Expressing himself in Latin about 2,000 years ago, Horace is the fellow who once opined that it is “sweet and honorable to die for one’s country.”
The Roman poet notwithstanding, the citizens of the American republic draw basic distinctions today when it comes to patriotic sacrifice. Honorable though it may be to die for one’s country, the public currently is insisting that Capt. Scott O’Grady’s decision to contrive to survive and thrive is sweeter and more proper still.
The 29-year-old aviator from Spokane who saw the F-16 jet he was piloting disintegrate around him at 26,000 feet over northwest Bosnia earlier this month - only to face and evade a Serb manhunt for six days after having parachuted to Earth - is a genuine hero.
Yet, O’Grady’s story is about individual valor. To be sure, the Clinton administration has a right to bask temporarily in his reflected glory. But it would be wrong for the White House to use that glory as justification for this or that policy.
Clinton should be profoundly grateful to O’Grady and his rescuers for sparing his administration the ordeal of a protracted hostage situation. A White House lunch was a small price to pay for O’Grady having pulled the administration’s political chestnuts out of the fire.
If there is a persuasive argument to be made for increasing U.S. involvement in Bosnia, it should be made straightforwardly on its own merits.
As for O’Grady, now that the celebratory cigars have been extinguished, the administration must be held to account.
Exactly how and why did this pilot come to be placed in the biggest predicament of his young life?
The armed forces’ chief of staff, Gen. John Shalikashvili, has answered that there was “absolutely” no intelligence beforehand that Serb surface-to-air missiles were in place near Bihac, where O’Grady’s jet was shot down.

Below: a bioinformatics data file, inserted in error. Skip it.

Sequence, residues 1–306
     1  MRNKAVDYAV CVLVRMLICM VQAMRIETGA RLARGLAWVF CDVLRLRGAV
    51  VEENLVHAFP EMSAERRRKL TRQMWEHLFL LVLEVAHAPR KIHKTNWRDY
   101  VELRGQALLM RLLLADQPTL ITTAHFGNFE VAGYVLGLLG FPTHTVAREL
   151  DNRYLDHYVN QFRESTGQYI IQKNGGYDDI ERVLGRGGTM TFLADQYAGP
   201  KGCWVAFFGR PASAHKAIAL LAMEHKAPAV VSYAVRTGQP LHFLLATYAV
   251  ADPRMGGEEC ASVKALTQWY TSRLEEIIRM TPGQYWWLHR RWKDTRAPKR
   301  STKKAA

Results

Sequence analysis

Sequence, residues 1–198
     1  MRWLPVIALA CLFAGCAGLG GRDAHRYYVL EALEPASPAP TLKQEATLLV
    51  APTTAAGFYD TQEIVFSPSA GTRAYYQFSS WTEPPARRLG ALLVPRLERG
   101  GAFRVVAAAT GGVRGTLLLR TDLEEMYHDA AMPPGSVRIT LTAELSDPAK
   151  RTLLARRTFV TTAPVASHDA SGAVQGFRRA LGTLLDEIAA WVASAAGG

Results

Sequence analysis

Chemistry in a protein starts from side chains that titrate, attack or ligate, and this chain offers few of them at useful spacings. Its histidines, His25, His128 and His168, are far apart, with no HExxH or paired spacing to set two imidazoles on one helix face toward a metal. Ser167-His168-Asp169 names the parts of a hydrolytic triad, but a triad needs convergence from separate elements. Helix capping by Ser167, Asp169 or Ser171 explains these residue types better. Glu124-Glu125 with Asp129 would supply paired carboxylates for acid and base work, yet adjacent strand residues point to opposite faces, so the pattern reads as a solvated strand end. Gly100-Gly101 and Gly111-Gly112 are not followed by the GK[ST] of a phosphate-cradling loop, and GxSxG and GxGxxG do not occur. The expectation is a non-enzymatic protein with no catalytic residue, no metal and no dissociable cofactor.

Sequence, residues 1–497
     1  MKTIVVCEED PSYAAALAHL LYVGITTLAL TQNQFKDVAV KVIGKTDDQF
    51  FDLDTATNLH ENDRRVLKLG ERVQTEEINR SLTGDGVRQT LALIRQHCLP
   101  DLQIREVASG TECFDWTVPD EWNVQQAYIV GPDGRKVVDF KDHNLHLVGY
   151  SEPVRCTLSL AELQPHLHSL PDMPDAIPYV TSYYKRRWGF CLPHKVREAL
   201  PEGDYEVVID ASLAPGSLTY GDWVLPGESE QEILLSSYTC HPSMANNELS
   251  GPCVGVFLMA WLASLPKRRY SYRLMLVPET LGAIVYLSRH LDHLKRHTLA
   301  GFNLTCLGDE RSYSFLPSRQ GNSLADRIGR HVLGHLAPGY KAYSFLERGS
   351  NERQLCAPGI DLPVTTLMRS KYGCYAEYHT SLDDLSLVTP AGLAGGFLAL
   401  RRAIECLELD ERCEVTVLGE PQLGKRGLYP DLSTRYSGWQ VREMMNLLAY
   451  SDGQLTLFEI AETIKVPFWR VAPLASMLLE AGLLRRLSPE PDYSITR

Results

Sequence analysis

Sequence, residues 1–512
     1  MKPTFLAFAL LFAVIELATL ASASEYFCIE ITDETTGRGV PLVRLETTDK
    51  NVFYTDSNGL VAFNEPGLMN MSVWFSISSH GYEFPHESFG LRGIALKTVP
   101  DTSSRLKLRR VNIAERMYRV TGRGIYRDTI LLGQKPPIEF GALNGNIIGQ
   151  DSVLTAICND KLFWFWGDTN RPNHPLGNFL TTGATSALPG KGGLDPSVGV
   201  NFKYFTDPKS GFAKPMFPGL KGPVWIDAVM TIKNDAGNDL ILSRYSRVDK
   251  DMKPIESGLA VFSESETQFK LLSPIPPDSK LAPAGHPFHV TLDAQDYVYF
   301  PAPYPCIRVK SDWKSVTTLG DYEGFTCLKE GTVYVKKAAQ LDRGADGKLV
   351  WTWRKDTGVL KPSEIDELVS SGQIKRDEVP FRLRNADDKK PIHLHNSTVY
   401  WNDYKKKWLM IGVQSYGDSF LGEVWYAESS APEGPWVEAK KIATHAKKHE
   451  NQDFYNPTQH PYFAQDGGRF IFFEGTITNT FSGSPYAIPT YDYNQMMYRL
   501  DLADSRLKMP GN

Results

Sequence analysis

That, of course, avoids the question of whether any commander should ever relax security measures on the assumption that enemy missile batteries might not be present. Military doctrine suggests that combatants always should prepare for the worst, not the best.
“We shouldn’t have sent airplanes in there without anti-missile support,” U.S. Rep. Sam Johnson, R-Texas, said flatly.
Johnson, a veteran of the Korean War, was shot down and captured in Vietnam in 1966 and held prisoner until 1973.
Now, even Shalikashvili’s information turns out to have been false. U.S. intelligence did have knowledge of surface-to-air missile sites.
So, the question becomes: In an era of instantaneous global communications, how is it that O’Grady was not informed?
Directing pilots to fly solo over Bosnia smacks of the administration’s incompetence in Somalia. There, its failure to assess dangers realistically resulted in the deaths of 18 American troops in Mogadishu.
The thoughtless endangerment of service personnel can lead to unforeseen consequences. Just as forces can be pulled out, so, too, can they be sucked in.
Shortly after getting out of his parachute and hiding, O’Grady heard Serb soldiers firing their weapons nearby. “They were trying to kill me,” he said later. The thought of Serb soldiers trying to gun down a lone American airman after having shot down his jet could lead to calls for retaliation.
There is one last reason for taking patriotic pride in the rescue of Scott O’ Grady that is relevant to the question of how deeply the United States should become involved in Bosnia. No one should ever forget that it was he and his comrades in the U.S. armed forces who pulled off a near miracle.
Given the convoluted and ever-changing orders under which the United Nations and the North Atlantic Treaty Organization operate, it is uncertain that U.N. peacekeepers and NATO elements could have saved their own personnel, much less any member of the U.S. armed forces.
Which brings us to the real issue at hand. The Clinton administration has given evidence, on more than one occasion, that it cares more about the international politics of military deployment than it does about the lives of those Americans whom the White House has ordered into harm’s way.
Horace might have understood, but the American people will not.